As customer experience continues to grow in importance for businesses across all industries, we’re starting to see an emphasis placed on engaging existing customers to generate repeat business. But the companies who are really succeeding in customer experience are also leveraging another important element: turning existing customers into promoters and evangelists to increase referrals and generate new customers.
While repeat business is a great indicator that you’re doing something right, consider the implications of getting your customers to tell their friends, family, and colleagues about your company and products or services. It’s free marketing! And even better than free, word-of-mouth social proof and testimonials are more effective than your typical marketing and advertising methods will ever be.
So how do you reach the point where your customers won’t stop talking about you to other people? You need to give them the right customer service and support, and also the encouragement and methods to become true promoters, while evaluating performance and working internally in your company to continually create the experiences that lead to a greater likelihood of referrals.
Start with great customer service and engaging experiences
While some products or services are so good they speak for themselves, great customer service can be the differentiator that leaves your customers feeling positively about their experiences with your business. When consumers not only support a product or service, but a company as a whole, they are more likely to be loyalists and to make repeat purchases.
If you really want to go above and beyond in your customer experiences, to delight all who come into contact with your business, you shouldn’t only focus on after-purchase interactions. Real customer delight starts with the efforts you make towards your prospects, and continues after they actually buy from you. By ensuring that they feel great about your brand through all stages of their purchasing journey, they are more likely to have their expectations exceeded, and tell others about it.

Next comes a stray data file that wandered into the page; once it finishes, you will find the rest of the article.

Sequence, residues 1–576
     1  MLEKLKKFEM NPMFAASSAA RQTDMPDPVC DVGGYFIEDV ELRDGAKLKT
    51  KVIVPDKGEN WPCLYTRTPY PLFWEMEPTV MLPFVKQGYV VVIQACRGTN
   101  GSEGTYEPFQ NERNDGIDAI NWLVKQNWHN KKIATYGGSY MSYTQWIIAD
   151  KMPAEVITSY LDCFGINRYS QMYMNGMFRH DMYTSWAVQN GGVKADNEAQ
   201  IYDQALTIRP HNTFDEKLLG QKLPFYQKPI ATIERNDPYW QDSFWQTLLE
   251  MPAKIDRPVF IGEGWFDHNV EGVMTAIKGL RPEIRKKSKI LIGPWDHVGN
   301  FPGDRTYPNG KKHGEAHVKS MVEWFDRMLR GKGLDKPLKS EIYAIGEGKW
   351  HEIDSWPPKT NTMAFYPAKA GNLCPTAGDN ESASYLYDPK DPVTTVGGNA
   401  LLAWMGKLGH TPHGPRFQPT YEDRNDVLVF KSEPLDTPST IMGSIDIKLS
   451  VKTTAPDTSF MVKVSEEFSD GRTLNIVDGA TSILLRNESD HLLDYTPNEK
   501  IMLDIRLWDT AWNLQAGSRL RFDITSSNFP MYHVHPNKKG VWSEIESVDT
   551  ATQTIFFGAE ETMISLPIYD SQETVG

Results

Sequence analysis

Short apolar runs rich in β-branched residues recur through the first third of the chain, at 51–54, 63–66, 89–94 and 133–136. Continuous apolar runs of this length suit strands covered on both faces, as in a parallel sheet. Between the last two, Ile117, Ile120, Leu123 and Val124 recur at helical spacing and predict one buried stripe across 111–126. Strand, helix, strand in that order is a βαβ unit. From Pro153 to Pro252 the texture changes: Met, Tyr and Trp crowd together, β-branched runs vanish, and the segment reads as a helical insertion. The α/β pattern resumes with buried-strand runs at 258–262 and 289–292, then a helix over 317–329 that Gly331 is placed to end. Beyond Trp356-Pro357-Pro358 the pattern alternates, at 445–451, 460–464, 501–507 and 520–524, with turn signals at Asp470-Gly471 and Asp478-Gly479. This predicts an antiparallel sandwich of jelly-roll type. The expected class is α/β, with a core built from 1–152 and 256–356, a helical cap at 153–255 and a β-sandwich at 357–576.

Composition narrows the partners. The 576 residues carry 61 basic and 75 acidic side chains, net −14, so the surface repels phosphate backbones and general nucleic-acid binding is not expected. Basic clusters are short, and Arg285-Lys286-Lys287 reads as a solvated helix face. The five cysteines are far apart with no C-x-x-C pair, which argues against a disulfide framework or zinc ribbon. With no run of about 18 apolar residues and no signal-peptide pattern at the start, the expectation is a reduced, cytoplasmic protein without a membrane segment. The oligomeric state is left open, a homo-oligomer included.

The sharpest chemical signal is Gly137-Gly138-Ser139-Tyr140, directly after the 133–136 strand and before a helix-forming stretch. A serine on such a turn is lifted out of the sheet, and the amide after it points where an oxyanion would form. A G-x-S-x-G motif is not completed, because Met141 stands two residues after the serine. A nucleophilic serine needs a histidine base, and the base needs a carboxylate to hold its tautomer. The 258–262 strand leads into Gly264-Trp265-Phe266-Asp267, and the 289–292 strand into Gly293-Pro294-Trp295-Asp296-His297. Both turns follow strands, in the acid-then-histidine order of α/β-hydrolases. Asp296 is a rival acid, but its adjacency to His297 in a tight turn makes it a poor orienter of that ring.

To encourage your customers to be promoters, it’s important to keep them engaged even after a sale is made. Be ready to address and accommodate and issues or complaints, and have several open channels for communication. Especially if something goes wrong, if you can mitigate the issue quickly and effectively, you have an opportunity to impress your customer into giving you another chance or improving their perception of your company. These are the types of experiences that consumers tend to talk about with others.
You should also continue to engage your customers through remarketing, email marketing, and social media communities to ensure that you are frequently at the top of their minds. Deploying methods for continuous engagement is a long-game customer experience strategy that will pay off by ensuring you have more direct contact with your customers, and better insights about what they want and need.
Create comprehensive loyalty programs
One of the best and easiest ways to ensure your customers are engaged, appreciated, and continuing to make purchases, is by creating loyalty programs for them. While consumers who genuinely enjoy your products and brand don’t necessarily need incentives to make future purchases, loyalty programs can work to make them feel that they are getting a good value, and can make it as easy as possible for customers to make repeat purchases.
Loyalty programs can be set up in different ways, most commonly based on a point system corresponding to a monetary amount spent, by tiers, memberships, or value-based programs. In each of these cases, the programs become a way to store customer data, making it easier to create customized experiences and personalized recommendations based on previous purchases, and create dashboards where customers can view their purchase history, and save payment and shipping details.